Lessons from Battle
Qualify for a free subscription to HealthLeaders magazine.
On war and medicine: In every single war there are innovations made medically. Before the Civil War there were no medical records; WWI gave rise to blood transfusions; during WWII there was the use of penicillin; during the Korean and Vietnam wars, there were helicopter evacuations; the battlefield advances filter through to the larger community.
During this war, I think there are new ways of stopping hemorrhage, which is the No. 1 cause of preventable death on the combat field. Additionally, medical advancements in patient transport have evolved; now patients are basically transported in flying intensive care units.
On veterans' health: Those soldiers could be your next-door neighbor, your sibling, your friends, or you. It's important for society to know what these hundreds of soldiers go through and how they adjust to society.
On leadership: As a healthcare executive, you are packing people's parachutes and you are making a difference even though you might not always see it. When you are in that leadership role, there's a multiplier effect. The people you affect go out and do their thing and you can really make an impact.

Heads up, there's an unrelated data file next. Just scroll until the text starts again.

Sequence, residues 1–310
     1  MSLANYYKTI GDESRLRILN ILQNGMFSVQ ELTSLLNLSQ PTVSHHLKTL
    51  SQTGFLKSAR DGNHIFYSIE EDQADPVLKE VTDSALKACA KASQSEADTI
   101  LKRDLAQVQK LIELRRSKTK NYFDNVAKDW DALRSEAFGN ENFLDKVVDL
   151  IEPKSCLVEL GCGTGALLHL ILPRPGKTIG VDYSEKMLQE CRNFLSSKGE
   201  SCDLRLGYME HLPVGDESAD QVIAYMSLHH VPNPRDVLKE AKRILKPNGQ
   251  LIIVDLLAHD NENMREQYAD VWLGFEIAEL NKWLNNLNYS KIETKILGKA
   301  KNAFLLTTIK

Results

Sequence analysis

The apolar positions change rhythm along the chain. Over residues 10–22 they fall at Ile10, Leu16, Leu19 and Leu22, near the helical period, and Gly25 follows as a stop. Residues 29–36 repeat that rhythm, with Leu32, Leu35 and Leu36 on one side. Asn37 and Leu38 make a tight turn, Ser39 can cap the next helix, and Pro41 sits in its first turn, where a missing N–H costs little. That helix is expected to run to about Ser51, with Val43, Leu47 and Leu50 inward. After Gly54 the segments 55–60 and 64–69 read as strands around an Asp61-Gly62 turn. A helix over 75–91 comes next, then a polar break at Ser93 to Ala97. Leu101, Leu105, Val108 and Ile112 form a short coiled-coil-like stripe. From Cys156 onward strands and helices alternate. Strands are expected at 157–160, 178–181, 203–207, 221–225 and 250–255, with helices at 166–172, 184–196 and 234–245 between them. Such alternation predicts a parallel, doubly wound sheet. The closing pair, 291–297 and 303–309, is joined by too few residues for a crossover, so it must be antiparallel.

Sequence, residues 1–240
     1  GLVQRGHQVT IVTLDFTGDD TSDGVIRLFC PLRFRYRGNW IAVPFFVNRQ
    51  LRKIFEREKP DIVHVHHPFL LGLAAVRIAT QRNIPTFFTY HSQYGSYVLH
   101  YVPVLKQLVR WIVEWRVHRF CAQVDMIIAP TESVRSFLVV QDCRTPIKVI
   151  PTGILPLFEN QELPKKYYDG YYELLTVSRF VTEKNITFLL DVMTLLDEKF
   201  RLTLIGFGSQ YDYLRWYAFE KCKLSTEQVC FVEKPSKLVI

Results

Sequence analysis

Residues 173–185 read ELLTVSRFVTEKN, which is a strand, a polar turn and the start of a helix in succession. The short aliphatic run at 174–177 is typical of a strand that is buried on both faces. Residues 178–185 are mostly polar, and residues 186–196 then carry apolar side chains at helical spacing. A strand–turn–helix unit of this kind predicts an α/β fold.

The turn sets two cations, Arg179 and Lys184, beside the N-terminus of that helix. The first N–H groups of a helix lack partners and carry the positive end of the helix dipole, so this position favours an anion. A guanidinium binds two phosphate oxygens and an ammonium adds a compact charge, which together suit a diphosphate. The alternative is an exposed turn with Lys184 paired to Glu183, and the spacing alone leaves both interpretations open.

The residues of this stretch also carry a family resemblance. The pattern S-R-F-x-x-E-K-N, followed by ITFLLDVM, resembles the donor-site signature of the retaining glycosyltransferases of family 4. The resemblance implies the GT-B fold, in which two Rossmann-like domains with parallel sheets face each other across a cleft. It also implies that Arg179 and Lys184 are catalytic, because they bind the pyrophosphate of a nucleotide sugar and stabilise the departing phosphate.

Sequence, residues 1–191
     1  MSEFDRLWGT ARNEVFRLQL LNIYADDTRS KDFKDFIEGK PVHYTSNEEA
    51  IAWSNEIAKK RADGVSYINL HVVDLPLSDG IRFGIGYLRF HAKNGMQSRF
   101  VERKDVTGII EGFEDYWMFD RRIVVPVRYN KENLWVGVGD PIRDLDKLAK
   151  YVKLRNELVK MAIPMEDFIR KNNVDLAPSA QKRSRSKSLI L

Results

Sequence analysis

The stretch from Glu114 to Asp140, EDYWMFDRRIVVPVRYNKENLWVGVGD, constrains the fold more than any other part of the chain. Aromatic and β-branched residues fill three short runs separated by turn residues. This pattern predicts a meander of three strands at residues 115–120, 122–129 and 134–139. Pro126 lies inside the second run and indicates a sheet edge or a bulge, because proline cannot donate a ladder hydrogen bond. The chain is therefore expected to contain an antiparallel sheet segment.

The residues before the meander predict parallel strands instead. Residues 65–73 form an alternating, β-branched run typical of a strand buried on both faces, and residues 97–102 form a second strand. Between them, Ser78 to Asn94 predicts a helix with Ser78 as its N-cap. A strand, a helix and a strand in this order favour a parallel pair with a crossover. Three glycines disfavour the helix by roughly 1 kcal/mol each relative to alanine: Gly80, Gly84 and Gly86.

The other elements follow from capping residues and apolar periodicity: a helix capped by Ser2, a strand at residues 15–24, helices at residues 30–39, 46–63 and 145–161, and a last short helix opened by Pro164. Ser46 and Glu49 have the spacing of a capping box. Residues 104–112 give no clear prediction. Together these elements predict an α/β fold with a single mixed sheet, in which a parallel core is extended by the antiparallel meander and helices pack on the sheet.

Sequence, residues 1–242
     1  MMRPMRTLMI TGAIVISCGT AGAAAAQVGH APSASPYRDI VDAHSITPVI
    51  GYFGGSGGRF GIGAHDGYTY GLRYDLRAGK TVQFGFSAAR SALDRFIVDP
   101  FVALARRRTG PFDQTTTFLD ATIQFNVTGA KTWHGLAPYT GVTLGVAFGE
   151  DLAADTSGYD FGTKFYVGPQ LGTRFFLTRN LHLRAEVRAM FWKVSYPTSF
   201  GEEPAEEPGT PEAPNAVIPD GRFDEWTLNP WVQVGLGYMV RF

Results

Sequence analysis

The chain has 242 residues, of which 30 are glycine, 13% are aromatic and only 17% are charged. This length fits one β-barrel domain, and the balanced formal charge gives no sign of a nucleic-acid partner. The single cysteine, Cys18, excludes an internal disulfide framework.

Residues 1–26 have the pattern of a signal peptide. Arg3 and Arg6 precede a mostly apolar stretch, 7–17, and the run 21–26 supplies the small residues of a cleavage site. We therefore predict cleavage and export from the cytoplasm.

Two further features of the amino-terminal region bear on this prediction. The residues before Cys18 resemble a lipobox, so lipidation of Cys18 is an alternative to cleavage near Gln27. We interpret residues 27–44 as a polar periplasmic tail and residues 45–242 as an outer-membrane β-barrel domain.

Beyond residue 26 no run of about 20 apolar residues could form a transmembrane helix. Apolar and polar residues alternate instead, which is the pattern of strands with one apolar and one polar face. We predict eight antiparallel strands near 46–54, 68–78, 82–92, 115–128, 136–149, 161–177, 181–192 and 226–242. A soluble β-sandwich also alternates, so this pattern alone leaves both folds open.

This article appears in the January 2012 issue of HealthLeaders magazine.
Anna Webster is a contributing writer for HealthLeaders Media.
Questions? Comments? Story ideas? Anna Webster, Online Content Coordinator for HealthLeaders Media, can be reached at firstname.lastname@example.org.
Follow Anna Webster on Twitter
- Half of All Primary Care, Internal Medicine Jobs Unfilled in 2013
- How Digital Strategy Shapes Patient Engagement at Boston Children's Hospital
- CFO Exchange: Smartphones Poised to Disrupt Healthcare, Says Topol
- CNO on Hospital Redesign: 'You Can't Over-Communicate'
- Carondelet to Pay $35M to Settle Fraud Allegations
- Some Cancer Hospitals' Quality Data Will Soon Be Public
- PA Ranks See 'Phenomenal Growth,' Lack of Diversity
- Consumerism Drives Healthcare Branding, Rebranding Efforts
- CA Powers Up $80M HIE to 'Create Value in the Data'
- 3 Traits Personality Assessments Can't Reveal